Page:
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United States v. Smith

IN THE UNITED STATES DISTRICT COURT FOR THE WESTERN DISTRICT OF PENNSYLVANIA


May 10, 2007

UNITED STATES OF AMERICA,
v.
ROY E. SMITH, DEFENDANT.

The opinion of the court was delivered by: Conti, District Judge

ORDER

On February 15, 2007, Roy E. Smith ("petitioner") filed a pro se motion entitled "Petition to District Court for Lateral Departure to Home Confinement at Six Month Release Date Pursuant to 18 U.S.C. § 3624(c)" (the "petition") (Doc. No. 16). On March 16, 2007, the government filed its response opposing the petition. (Doc. No. 17). For the reasons set forth herein, the petition will be denied.

Background

On March 6, 2006, the government filed a one-count Information charging petitioner with bank fraud in violation of Title 18, United States Code, section 1344. (Doc. No. 1). On April 3, 2006, petitioner entered a plea of guilty to the Information. (Doc. No. 5). On August 11, 2006, petitioner was sentenced to a term of imprisonment of fifteen (15) months, to be followed by a period of supervised release of five (5) years. (Doc. No. 14). Petitioner was also ordered to pay a special assessment in the amount of $100.00 and restitution in the amount of $290,952.40. Id. No fine was imposed. Id.

According to the government, petitioner commenced service of his sentence on December 7, 2006. See (Doc. No. 17). On February 15, 2007, petitioner filed the instant petition. (Doc. No. 16). On March 16, 2007, the government responded to the petition. (Doc. No. 17).

Discussion

Petitioner relies on Title 18, United States Code, section 3624(c) and Woodall v. Federal Bureau of Prisons, 432 F.3d 235 (3d Cir. 2005), in support of his prayer that this court order that he be released to home confinement during the final six months of his term of imprisonment. The government argues that neither section 3624 nor Woodall provides legal authority for the court to order that petitioner be released to home confinement during the final six months of his term of imprisonment.

A. Statutory Authority

1. 18 U.S.C. § 3624(c)

Title 18, United States Code, section 3624 addresses release of a federal prisoner from custody. See 18 U.S.C. § 3624 ("Release of a Prisoner"). Subsection (c) of section 3624 ("Pre-release custody") provides:

The Bureau of Prisons shall, to the extent practicable, assure that a prisoner serving a term of imprisonment spends a reasonable part, not to exceed six months, of the last 10 per centum of the term to be served under conditions that will afford the prisoner a reasonable opportunity to adjust to and prepare for the prisoner's re-entry into the community. The authority provided by this subsection may be used to place a prisoner in home confinement. The United States Probation System shall, to the extent practicable, offer assistance to a prisoner during such pre-release custody.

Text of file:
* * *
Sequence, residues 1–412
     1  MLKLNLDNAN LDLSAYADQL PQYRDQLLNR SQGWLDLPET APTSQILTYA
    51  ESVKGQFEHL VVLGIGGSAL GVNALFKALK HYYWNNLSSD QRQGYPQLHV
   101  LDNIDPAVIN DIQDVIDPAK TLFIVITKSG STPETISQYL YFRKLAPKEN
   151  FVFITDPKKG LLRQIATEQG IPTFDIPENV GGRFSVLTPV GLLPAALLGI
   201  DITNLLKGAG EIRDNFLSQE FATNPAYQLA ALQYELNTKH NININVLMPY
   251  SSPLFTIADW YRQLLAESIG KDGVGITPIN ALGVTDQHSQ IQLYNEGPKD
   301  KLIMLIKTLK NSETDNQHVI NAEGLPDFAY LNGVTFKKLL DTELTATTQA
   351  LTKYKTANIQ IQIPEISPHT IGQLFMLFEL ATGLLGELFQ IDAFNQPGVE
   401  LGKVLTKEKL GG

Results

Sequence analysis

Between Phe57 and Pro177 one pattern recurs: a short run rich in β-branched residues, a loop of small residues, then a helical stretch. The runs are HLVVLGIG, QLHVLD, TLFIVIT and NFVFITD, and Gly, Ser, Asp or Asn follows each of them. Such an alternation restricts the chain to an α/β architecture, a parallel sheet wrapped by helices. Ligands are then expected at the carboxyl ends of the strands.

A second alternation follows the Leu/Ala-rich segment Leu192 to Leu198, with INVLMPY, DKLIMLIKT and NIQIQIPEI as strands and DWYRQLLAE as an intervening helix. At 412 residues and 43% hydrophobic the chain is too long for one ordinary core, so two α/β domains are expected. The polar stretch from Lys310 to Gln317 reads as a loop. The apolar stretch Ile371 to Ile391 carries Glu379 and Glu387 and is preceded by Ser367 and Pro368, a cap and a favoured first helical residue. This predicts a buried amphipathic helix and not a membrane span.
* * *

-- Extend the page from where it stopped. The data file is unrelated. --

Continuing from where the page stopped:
Id. This subsection gives the Bureau of Prisons (the "BOP"), and not the sentencing court, authority to place a prisoner in home confinement as one way to assure, to the extent practicable, that the prisoner spends "a reasonable part, not to exceed six months, of the last 10 per centum of the term to be served" under conditions that will afford the prisoner an opportunity to adjust and prepare for re-entry into the community. 18 U.S.C. § 3624(c). The plain meaning of the statute, however, does not give the sentencing court the authority to order, as petitioner requests, that a prisoner spend a certain amount of time in home confinement.*fn1 The court, therefore, lacks the authority to order the relief that petitioner requests pursuant to section 3624(c).

2. 18 U.S.C. § 3582(b) and (c)

In addition, although not raised by the parties, Title 18, United States Code, section 3582(b) ("Effect of finality of judgment") provides:

(b) Effect of finality of judgment.--Notwithstanding the fact that a sentence to imprisonment can subsequently be--(1) modified pursuant to the provisions of subsection (c); (2) corrected pursuant to the provisions of rule 35 of the Federal Rules of Criminal Procedure and section 3742; or (3) appealed and modified, if outside the guideline range, pursuant to the provisions of section 3742; a judgment of conviction that includes such a sentence constitutes a final judgment for all other purposes.